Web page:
I grow weary because of my groaning; every night I drench my bed and flood my couch with tears. My eyes are wasted with grief and worn away because of all my enemies. Depart from me, all evildoers, for the LORD has heard the sound of my weeping.
Psalm 6: 6-8, Book of Common Prayer
Years ago, when no one spoke the words “breast cancer” aloud, Betty Rollins wrote First, You Cry, one of the earliest memoirs about the experience of having cancer. Tears are a reasonable reaction to what in many people’s minds is a death sentence. Some people (like me) go numb and cry later, when the shock’s novocaine has worn off. All along the way to renewed health (in one form or another), there are way stations for tears: painful or humiliating treatments, further bad news, or relief.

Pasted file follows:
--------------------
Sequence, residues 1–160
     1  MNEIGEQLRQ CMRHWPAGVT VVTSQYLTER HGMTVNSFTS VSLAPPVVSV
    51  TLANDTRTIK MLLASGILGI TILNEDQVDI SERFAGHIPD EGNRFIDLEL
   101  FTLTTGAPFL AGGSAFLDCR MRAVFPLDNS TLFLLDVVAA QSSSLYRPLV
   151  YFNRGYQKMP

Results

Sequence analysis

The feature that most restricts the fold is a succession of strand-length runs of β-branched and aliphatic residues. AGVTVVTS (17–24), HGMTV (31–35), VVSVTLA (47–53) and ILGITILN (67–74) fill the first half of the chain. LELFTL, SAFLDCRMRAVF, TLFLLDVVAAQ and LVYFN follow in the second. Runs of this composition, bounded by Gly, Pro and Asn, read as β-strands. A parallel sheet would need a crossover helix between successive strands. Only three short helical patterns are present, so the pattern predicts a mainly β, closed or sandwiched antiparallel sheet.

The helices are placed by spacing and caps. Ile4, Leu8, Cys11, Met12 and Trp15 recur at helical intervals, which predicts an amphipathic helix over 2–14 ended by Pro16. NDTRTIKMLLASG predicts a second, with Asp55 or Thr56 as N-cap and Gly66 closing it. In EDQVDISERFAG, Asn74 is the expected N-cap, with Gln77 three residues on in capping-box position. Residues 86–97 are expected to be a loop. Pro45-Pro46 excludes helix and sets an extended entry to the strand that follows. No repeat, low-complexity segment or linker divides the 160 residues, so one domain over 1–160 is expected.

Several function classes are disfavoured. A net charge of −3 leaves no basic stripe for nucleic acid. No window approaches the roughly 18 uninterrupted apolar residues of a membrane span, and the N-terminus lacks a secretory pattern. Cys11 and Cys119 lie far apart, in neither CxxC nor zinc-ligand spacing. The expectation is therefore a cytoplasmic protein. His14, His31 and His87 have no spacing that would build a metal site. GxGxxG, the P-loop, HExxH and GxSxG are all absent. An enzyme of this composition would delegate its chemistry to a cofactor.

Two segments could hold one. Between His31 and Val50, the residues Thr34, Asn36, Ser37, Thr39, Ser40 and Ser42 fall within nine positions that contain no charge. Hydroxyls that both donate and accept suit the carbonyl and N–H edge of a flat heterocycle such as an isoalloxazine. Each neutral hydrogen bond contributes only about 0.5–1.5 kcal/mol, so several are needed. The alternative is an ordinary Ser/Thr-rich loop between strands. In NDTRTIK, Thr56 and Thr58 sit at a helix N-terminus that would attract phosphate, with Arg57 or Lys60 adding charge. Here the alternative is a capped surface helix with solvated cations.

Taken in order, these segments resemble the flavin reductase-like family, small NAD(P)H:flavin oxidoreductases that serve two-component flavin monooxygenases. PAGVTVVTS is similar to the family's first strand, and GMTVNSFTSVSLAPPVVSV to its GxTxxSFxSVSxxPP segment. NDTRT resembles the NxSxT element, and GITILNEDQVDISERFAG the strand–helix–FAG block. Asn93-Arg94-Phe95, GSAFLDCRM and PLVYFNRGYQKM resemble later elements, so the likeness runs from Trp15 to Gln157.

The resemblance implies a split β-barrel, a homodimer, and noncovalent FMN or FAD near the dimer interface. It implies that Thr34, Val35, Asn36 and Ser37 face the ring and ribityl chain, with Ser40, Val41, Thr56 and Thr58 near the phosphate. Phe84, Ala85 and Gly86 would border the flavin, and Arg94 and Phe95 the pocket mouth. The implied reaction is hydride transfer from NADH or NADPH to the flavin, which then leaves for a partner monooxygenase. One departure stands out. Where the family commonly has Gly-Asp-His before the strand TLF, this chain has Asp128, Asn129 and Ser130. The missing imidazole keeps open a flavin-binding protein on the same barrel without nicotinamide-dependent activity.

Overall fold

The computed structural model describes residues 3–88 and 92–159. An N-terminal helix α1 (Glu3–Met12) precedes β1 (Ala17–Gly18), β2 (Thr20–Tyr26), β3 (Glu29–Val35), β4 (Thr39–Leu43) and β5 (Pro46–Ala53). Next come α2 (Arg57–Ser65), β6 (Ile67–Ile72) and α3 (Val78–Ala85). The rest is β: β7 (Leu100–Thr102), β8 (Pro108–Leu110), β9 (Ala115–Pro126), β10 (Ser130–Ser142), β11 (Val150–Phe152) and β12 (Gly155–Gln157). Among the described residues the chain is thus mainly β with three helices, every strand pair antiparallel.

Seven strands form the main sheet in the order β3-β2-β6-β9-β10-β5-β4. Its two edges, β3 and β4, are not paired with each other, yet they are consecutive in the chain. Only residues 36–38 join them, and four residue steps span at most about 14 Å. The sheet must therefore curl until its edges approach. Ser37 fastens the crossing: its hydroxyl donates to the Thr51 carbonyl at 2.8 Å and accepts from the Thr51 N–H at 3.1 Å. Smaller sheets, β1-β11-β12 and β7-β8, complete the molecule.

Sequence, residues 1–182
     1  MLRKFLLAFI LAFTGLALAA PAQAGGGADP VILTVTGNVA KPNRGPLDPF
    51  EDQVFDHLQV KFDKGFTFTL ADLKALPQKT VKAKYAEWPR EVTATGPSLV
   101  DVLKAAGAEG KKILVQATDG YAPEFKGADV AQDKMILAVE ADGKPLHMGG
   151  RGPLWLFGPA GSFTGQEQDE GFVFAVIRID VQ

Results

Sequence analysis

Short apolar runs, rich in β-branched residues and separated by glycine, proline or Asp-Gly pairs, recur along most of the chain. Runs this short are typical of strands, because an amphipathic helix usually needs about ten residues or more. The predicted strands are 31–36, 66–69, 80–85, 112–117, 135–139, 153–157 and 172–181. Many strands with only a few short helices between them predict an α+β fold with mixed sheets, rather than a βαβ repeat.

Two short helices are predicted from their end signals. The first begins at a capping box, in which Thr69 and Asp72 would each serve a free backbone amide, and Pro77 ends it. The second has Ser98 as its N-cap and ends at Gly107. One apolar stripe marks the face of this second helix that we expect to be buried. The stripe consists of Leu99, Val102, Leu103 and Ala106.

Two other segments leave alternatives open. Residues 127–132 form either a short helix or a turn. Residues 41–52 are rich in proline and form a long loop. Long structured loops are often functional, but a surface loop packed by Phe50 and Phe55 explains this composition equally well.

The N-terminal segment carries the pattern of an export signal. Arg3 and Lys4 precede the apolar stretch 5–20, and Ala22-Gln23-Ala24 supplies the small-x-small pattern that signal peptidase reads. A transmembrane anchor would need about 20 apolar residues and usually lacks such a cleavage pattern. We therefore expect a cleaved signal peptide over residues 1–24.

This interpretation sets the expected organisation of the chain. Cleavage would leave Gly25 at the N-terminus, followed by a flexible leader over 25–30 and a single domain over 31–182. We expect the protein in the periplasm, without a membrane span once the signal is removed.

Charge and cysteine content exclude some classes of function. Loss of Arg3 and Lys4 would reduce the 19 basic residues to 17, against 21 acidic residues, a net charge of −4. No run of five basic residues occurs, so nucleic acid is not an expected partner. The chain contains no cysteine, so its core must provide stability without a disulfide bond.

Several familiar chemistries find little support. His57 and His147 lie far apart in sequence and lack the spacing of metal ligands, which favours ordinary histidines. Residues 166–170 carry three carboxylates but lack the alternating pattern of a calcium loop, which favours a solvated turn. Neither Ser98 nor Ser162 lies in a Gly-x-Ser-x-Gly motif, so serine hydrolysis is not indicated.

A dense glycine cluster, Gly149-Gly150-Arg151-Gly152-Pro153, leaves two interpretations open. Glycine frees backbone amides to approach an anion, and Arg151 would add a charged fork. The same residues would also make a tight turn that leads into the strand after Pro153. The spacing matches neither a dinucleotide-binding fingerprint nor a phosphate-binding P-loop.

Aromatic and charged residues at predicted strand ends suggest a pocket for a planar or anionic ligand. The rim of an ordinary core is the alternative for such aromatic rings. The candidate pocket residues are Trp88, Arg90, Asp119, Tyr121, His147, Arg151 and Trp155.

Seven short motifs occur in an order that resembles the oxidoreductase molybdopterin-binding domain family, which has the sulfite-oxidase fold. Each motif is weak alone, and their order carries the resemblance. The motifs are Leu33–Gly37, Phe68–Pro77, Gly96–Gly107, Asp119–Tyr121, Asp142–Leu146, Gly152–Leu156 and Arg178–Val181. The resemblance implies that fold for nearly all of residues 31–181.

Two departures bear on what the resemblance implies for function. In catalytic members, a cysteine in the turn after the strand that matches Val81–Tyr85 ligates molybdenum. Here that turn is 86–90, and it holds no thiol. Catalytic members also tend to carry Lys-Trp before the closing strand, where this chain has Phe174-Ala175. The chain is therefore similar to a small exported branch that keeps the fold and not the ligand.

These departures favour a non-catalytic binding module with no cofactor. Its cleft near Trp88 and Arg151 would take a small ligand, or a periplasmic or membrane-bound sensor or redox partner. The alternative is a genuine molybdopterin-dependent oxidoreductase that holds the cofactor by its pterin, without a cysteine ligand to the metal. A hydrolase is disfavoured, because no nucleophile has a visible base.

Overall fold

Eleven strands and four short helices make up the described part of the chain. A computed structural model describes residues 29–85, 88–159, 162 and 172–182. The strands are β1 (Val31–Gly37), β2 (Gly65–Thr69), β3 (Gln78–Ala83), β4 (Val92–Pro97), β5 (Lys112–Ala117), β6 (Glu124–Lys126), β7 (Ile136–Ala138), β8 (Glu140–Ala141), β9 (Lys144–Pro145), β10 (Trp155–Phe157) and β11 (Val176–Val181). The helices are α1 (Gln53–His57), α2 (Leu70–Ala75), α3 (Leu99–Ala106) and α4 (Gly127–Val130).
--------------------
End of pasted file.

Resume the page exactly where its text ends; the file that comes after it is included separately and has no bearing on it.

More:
When my father died of a massive coronary, I was living a thousand miles away. I cried, went home to my family and cried some more, and decided that not crying was the better choice. In my almost 25-year-old mind, not crying provided a witness to how God could comfort us. I went back to my classroom and was fine.
Except I wasn’t. I cried in the shower in the morning when no one could hear me. And many nights, my roommate drove us to the ocean, where I sat on the seawall and cried, my wailing drowned by the sound of surf.
At some point, we’re all cried out. At least for the moment. For me, the beauty of this passage is that in the midst of the drenching and flooding, the wasting and wearing away, we know that God hears us. In another psalm, the writer asks that God put the tears he’s cried into a bottle. I don’t know how that would help, but perhaps it’s meant as a sign that the tears have value, the way that items in a museum exhibit have value. Ah, these are the tears she wept for her father. These are her cancer tears.
There’s no shame in weeping. We need the tears as an emotional release. They soften us, breaking down the illusion of separateness and independence we sometimes try to maintain. We have a right to our tears, and no one can tell us when it’s time to dry our eyes. We will know.